YOUR INTERNAL PELICAN
The instructions given by the spiritual director were very simple. “By yourself, go find a quiet place to observe God’s creation. Sit quietly and listen to what he has to say to you. Then record what you observe and hear in a journal.” Anyone who knows me knows that I’m a nature loving John Muir wannabe; so this was the dream-come-true assignment during a three-day spiritual retreat at a beach-side resort on the paradisiacal shores of Honduras’s Caribbean coast.
For some western-trained, evangelical missionaries and pastors steeped in the worldview of ancient Greece, which separates the spiritual from the physical, this assignment would likely to be a boundary-testing stretch. Unrecognized as the branch of Gnosticism that it is, our separating of the physical from the spiritual has created two distinct, non-mixing entities. Unaware of just how deeply evangelical Gnosticism pervades the American church, listening for the voice of God in nature could be, for some, pushing the limits of acceptable Christian behavior. To think that God could, would and does speak to us through something other than a Bible, a sermon, a book by the current celebrity Christian author du jour or via some other acceptable tool designed to fill the head with additional Christiany facts, can be hard to imagine. Our given assignment was not to learn more about God. Our assignment was to listen to him and then obey him. Our assignment, if you want to call it such, was to know God and enjoy him, not just fill our mental filing cabinet with more information about him, as is so often our American custom.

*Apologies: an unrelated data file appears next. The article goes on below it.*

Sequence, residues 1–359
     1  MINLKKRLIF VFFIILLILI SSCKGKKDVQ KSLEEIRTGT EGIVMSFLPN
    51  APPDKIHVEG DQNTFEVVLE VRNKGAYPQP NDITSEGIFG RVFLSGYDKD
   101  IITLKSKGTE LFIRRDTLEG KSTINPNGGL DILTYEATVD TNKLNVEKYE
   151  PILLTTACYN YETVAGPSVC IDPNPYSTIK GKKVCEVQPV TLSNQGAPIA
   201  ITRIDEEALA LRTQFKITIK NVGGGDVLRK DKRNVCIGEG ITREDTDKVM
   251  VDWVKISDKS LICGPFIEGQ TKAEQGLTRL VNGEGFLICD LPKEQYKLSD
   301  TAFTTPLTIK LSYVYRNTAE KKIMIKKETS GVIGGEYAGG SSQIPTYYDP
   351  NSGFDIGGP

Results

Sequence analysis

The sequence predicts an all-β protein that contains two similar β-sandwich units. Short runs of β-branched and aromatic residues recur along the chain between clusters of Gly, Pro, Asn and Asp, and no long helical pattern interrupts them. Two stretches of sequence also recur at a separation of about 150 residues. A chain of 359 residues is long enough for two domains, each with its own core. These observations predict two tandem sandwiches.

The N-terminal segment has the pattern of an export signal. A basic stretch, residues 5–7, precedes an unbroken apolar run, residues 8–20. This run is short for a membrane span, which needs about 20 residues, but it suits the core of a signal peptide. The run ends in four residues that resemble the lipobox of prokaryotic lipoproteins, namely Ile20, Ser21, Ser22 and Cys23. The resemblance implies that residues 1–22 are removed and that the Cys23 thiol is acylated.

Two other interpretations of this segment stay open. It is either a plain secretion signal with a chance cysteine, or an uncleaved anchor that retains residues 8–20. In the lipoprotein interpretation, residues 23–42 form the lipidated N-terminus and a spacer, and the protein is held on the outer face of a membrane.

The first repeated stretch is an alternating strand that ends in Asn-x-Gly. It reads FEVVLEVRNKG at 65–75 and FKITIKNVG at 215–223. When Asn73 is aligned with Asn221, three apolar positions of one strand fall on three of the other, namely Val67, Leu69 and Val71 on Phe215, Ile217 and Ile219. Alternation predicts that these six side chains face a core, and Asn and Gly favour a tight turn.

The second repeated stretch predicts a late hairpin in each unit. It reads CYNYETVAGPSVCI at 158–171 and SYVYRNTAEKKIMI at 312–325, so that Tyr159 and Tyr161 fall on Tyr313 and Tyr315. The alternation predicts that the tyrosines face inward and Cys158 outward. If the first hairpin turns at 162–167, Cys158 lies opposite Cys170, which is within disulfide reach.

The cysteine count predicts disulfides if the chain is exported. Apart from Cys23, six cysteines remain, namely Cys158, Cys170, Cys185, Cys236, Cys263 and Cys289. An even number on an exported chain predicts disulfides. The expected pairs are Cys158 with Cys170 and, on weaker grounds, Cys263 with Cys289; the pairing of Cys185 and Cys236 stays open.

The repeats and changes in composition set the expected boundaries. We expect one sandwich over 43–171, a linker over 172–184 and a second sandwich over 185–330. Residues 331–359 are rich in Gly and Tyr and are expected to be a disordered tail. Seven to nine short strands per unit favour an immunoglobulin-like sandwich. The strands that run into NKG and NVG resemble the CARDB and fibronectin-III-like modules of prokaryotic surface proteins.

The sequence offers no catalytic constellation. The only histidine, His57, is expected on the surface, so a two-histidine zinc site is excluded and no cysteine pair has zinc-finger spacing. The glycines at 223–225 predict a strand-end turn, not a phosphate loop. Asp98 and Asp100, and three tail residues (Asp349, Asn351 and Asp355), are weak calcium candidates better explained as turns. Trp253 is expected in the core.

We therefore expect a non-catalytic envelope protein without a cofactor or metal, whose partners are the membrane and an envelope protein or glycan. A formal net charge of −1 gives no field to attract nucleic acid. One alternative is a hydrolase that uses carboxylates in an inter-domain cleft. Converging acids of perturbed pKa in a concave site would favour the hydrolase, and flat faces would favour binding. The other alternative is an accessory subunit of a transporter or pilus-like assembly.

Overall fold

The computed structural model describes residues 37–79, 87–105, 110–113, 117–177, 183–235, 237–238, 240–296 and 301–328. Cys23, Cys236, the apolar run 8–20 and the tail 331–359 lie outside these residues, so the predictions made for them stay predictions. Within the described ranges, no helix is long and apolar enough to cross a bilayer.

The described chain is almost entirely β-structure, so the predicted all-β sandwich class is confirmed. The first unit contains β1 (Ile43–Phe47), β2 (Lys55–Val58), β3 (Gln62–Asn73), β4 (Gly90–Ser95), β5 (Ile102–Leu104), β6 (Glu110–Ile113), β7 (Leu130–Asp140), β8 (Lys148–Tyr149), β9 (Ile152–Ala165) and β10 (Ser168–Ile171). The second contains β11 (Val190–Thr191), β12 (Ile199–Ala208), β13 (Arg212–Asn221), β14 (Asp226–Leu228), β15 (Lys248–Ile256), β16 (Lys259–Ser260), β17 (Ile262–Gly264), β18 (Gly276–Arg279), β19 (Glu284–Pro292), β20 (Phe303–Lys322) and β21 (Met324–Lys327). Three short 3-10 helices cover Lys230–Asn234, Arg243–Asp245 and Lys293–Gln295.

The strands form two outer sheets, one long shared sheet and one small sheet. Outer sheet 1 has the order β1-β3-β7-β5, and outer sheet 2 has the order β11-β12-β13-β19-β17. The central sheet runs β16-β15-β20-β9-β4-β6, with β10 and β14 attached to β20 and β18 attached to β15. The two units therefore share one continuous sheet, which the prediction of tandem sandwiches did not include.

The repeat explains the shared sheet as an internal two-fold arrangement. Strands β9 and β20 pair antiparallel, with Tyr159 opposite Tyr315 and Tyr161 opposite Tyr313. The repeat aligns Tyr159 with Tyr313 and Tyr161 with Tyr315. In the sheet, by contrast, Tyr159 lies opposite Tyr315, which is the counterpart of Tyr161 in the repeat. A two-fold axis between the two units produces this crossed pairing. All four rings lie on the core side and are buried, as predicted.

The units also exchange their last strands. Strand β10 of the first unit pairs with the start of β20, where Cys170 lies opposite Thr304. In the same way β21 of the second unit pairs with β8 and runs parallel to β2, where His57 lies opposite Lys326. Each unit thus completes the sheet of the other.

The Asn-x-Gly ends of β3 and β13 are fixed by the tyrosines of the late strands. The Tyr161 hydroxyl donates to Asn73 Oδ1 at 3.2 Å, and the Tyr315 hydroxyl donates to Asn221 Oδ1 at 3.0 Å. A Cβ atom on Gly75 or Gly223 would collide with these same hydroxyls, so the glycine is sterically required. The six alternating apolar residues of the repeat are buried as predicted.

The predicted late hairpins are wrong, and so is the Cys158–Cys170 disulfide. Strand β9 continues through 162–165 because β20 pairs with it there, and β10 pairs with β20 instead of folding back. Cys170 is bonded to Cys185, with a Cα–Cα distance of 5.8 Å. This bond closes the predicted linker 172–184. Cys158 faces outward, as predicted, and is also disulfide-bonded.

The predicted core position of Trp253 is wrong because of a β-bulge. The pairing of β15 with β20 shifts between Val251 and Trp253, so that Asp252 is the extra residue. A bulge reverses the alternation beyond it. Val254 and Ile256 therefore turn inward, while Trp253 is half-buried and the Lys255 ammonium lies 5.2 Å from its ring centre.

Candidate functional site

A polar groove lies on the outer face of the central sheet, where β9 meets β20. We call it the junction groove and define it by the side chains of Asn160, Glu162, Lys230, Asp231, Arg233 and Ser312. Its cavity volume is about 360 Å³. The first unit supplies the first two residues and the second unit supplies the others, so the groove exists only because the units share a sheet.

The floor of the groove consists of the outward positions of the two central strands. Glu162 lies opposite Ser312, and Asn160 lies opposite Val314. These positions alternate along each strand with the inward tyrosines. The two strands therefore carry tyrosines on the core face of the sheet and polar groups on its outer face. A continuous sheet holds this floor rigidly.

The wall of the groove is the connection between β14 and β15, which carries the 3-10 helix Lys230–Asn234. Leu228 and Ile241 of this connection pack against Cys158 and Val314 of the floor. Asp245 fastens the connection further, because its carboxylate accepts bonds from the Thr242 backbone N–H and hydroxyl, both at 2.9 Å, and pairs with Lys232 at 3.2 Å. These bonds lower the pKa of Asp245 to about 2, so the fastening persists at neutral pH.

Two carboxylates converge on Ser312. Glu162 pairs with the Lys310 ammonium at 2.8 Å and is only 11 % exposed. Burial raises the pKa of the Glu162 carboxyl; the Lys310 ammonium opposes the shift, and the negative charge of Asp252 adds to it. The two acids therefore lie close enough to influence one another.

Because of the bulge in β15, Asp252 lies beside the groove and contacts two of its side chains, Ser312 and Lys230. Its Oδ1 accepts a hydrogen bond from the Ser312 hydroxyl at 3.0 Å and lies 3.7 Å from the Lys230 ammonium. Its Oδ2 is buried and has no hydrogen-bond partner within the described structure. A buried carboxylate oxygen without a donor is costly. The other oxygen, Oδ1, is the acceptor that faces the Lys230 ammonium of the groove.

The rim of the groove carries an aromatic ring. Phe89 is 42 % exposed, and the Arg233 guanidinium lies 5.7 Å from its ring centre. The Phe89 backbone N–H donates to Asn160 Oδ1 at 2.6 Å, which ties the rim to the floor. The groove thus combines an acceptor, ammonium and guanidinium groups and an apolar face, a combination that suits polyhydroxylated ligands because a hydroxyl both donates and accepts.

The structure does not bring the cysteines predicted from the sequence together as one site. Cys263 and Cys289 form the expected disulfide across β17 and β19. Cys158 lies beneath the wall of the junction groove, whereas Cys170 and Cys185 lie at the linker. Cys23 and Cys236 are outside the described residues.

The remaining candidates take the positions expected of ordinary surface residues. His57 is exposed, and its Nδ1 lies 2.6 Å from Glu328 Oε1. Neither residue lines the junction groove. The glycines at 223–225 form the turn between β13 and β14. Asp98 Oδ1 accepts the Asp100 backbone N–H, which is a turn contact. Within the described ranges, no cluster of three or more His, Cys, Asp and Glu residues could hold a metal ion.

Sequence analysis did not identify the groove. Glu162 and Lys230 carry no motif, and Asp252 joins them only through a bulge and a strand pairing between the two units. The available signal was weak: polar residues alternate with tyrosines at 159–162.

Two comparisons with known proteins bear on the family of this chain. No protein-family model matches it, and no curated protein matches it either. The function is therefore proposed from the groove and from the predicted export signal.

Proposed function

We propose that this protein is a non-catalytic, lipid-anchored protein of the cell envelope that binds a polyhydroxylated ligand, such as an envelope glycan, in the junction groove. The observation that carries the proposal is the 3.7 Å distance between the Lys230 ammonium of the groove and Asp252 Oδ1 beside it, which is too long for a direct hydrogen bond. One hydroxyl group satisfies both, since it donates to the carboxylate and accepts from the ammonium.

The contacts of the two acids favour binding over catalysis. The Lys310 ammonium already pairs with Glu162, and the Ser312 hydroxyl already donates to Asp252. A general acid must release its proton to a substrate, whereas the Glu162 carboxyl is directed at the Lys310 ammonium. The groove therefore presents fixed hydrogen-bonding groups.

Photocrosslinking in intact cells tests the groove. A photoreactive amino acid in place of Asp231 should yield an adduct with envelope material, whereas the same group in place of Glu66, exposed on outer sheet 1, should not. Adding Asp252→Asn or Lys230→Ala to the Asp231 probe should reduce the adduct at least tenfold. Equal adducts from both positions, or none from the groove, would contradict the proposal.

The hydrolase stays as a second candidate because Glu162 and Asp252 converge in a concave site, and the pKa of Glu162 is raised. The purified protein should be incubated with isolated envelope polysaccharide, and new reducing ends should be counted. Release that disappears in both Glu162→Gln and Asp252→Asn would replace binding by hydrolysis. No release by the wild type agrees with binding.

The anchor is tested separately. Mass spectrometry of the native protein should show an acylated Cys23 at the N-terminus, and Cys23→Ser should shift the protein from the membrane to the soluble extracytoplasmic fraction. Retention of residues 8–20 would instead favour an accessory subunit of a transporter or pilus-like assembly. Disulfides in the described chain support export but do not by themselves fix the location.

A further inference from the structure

As a long-time practitioner of the discipline of solitude and as someone who often spends time with God via his creation, I was eager to seek out a secluded spot and begin watching and waiting. Over the years, during my annual multi-day personal retreats, Jesus has never failed to show me life-changing truths in deeply personal and tangible ways. It was while listening to God in the absolute solitude of a remote ranch in the desert of Mexico’s Baja California, or while solo kayaking to uninhabited islands in Mexico’s Sea of Cortez, that Jesus helped me develop my understanding of the future, the nature and work of the church, my role as a mission executive and a host of other things. Currently I live in the Midwest, so the solitude of the wilds is more distant and harder to attain. I now find solitude in a nearby convent where I hang out in silence in the company of a group of geriatric nuns. Wilderness it is not, but the beauty of a convent chapel where well-meaning artists have attempted to capture the beauty of nature and the glory of God via sculpture, painting and woodwork helps quiet my soul in the rush rush world of American Christianity. Never, not once, have I been met with silence from God on any of these adventures where through solitude and my silence I seek him.